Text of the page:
The exact procedure for obtaining blood samples from drivers who refuse roadside testing during No Refusal weekends varies slightly across the state. In many places, the process begins during a traffic stop when a DWI suspect refuses to submit to roadside breath or blood testing. The police then take the driver into custody and transport them to a central processing facility, which might be a jail, a mobile blood draw van or a hospital. While the driver is in custody, the arresting officer applies for a blood draw warrant from a night judge, and if the judge issues the warrant, a nurse or other medical professional then obtains the blood sample from the suspect.

If you face Texas DWI charges, you may have many questions and concerns. There is a lot at stake, including your driving privileges and your freedom, and you are likely to want to do everything in your power to preserve those things that are most important to you. Jack Pettit, Attorney at Law, can help you navigate the DWI case process with the goal of arriving at an outcome that will work for you. Texas DWI Defense Attorney Pettit has helped many Texas DWI clients with their DWI cases, and he might be able to help you. To learn more, please call 214-521-4567 today.

Texas DWI Defense Attorney Discusses the Effects of Ride Sharing on Drunk Driving

Friday, July 15th, 2016

Texas DWI Defense Attorney Discusses the Effects of Ride Sharing on Drunk Driving

Ride-sharing company Uber says that DWI crashes in Austin and elsewhere have declined since the service became available. This trend is documented in other areas where ride-sharing has become popular, and it makes sense. When people who consume alcohol choose to avoid driving by enlisting a ride-sharing service, there are likely to be fewer alcohol-related accidents. In January 2015, Temple University researchers reviewed California data and found that the availability of ride-sharing at a lower cost than traditional taxi service in reduced drunk-driving deaths in some areas by approximately six percent.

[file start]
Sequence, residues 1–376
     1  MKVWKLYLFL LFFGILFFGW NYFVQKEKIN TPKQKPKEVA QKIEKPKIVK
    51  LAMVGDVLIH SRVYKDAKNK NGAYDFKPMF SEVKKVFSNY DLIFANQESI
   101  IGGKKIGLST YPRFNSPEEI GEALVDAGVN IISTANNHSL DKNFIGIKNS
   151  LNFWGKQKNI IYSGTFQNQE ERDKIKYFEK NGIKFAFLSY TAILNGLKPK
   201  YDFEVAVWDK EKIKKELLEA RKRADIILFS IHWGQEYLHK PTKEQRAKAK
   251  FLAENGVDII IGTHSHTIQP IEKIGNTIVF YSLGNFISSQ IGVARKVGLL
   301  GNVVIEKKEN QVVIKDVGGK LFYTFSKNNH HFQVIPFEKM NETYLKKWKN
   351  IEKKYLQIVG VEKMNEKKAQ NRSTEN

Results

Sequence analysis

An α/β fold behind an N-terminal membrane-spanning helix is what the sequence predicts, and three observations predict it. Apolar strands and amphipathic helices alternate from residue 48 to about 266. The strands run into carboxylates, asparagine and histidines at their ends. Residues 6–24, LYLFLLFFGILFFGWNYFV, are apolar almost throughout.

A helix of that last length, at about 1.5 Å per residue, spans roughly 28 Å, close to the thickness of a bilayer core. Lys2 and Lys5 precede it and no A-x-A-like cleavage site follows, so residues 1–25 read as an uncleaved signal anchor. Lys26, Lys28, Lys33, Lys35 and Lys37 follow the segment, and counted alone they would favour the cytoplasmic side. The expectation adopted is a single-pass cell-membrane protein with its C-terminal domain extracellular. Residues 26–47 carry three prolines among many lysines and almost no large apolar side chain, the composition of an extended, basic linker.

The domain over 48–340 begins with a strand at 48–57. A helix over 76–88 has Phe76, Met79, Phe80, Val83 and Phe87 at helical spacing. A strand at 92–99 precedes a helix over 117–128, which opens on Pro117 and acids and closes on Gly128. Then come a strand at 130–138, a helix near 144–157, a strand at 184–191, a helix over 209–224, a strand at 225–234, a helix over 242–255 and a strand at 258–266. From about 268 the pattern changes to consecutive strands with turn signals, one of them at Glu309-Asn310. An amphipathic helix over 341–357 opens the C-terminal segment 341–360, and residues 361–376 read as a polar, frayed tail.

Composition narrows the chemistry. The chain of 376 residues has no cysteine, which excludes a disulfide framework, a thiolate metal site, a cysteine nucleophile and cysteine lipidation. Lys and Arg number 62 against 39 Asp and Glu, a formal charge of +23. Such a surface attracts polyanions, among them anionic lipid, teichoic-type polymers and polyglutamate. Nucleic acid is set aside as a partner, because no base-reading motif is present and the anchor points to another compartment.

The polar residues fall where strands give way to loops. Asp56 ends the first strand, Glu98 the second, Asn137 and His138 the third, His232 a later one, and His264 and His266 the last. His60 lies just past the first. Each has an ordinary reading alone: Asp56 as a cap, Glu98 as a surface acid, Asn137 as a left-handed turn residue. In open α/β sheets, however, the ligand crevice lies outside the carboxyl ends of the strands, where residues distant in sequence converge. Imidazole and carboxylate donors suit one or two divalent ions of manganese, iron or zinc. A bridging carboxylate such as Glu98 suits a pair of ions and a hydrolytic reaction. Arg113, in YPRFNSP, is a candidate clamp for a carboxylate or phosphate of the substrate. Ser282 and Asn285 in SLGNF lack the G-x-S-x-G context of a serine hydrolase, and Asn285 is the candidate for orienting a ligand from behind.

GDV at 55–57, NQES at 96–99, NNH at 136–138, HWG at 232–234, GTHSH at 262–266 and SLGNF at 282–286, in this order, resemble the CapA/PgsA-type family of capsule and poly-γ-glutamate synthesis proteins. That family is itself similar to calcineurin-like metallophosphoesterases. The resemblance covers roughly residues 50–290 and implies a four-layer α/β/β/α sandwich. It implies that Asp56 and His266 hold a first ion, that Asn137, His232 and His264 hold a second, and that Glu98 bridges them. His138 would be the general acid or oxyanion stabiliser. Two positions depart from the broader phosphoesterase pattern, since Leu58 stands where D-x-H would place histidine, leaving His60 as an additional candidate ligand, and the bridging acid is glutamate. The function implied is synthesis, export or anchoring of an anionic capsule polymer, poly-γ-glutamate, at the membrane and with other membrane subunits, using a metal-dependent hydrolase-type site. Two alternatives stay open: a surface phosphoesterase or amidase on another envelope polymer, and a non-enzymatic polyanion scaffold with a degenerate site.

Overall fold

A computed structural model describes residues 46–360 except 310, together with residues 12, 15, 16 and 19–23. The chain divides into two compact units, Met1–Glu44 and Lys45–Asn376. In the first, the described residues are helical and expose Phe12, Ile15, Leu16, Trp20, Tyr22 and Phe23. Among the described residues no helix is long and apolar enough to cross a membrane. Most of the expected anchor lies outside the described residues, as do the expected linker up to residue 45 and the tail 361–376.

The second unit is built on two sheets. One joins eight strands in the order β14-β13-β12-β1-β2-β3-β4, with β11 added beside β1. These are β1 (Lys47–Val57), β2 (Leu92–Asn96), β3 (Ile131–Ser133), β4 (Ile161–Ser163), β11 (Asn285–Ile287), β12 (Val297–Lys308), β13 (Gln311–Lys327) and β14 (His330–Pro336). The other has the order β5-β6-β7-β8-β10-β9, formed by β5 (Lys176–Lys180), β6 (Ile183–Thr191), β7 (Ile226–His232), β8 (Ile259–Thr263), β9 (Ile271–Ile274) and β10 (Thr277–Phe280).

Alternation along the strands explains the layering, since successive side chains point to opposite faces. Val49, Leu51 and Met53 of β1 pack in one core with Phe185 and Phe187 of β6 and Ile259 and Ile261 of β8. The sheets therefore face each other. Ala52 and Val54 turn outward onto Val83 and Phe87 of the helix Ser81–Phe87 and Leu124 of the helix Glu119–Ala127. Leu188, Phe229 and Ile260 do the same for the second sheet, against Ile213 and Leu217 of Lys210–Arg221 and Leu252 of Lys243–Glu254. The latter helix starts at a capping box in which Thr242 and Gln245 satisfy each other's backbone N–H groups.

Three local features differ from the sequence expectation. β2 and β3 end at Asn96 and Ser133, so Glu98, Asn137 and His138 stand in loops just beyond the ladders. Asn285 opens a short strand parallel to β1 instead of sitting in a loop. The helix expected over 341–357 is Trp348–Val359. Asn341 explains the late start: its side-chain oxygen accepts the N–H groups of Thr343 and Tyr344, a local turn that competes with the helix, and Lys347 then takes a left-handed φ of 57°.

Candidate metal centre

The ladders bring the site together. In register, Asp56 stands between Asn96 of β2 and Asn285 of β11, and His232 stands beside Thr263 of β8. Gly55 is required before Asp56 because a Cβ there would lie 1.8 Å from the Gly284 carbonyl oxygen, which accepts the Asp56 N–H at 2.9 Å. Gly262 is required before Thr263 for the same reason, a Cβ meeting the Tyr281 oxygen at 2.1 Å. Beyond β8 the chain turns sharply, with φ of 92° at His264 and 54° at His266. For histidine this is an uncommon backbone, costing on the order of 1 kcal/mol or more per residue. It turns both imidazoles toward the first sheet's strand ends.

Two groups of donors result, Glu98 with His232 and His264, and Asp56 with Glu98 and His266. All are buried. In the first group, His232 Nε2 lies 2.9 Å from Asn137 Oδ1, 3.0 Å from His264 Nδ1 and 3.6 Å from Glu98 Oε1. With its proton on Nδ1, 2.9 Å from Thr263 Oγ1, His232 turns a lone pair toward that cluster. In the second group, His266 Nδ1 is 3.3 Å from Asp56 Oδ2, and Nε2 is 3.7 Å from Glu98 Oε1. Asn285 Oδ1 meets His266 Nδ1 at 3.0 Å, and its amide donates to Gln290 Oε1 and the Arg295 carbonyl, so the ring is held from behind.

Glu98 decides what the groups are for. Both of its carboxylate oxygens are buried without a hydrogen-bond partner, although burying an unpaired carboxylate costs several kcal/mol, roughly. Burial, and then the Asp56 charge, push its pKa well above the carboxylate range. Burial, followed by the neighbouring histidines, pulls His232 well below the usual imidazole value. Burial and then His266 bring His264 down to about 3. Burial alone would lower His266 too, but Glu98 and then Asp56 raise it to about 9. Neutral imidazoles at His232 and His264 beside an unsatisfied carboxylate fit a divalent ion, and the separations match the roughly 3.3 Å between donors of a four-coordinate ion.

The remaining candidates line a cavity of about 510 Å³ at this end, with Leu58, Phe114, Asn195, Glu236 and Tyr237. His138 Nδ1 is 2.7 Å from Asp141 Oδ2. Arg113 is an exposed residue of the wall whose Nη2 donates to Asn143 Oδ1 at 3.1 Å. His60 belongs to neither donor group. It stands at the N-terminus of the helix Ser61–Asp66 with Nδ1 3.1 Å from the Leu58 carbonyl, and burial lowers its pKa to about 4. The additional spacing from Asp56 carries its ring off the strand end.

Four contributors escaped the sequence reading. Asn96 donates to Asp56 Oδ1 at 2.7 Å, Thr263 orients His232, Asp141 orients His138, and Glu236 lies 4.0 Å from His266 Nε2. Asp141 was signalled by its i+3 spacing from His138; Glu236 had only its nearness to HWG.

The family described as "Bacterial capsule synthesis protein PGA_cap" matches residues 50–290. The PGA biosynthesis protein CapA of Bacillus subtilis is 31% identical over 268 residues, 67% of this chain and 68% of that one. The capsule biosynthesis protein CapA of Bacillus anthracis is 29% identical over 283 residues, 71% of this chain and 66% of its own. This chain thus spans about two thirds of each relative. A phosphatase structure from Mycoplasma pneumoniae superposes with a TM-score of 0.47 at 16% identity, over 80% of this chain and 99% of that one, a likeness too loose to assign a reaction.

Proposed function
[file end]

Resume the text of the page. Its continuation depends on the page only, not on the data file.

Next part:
It is important to remember that statistical correlation does not automatically mean that there is causation. That is, the fact that there were fewer crashes does not prove that the decline occurred because ride-sharing was available. That said, the statistics are encouraging, and as ride-sharing continues to increase, additional declines may be seen.

Ride-sharing services like Uber and Lyft are easy to use, and anyone who needs a ride can access them via smartphone apps. The apps connect people who want rides with people who are available to give them rides. You just request a ride and wait for the driver to arrive. Identifying information about the driver and vehicle are provided via the app so that you will be able to locate them when they arrive. Payment gets calculated and paid for via the app, although, in some cases you can use cash if you request to do so ahead of time.

If you have never tried a ride-sharing service like Uber or Lyft, you may wish to do so the next time you are making a plan for getting home after going out. The services are easy to use and not very expensive, especially when you consider the financial and personal cost of a DWI. The fines and fees associated with DWI charges can be high, even if you are not convicted. You could face license suspension, which could affect your ability to maintain your job, care for your family, and more. You could even spend time in jail. Life after a DWI can be challenging, and your conviction could prevent you from advancing professionally, obtaining housing, and doing other things that are important to you.

A DWI conviction could significantly impact your freedom, so it is important that you work with a seasoned Texas DWI defense attorney for your DWI case. Your attorney can help you to pursue an outcome in your DWI case that will work well for you because it protects those things that are most important to you. Do not try to navigate your Texas DWI on your own. There is just too much risk involved in defending yourself. Texas DWI Defense Attorney Jack Pettit, Attorney at Law, has helped many clients with their DWI cases. It is possible that he could help you navigate your Texas DWI case. To learn more about how Attorney Pettit may be able to help you, please call our office at 214-521-4567 today.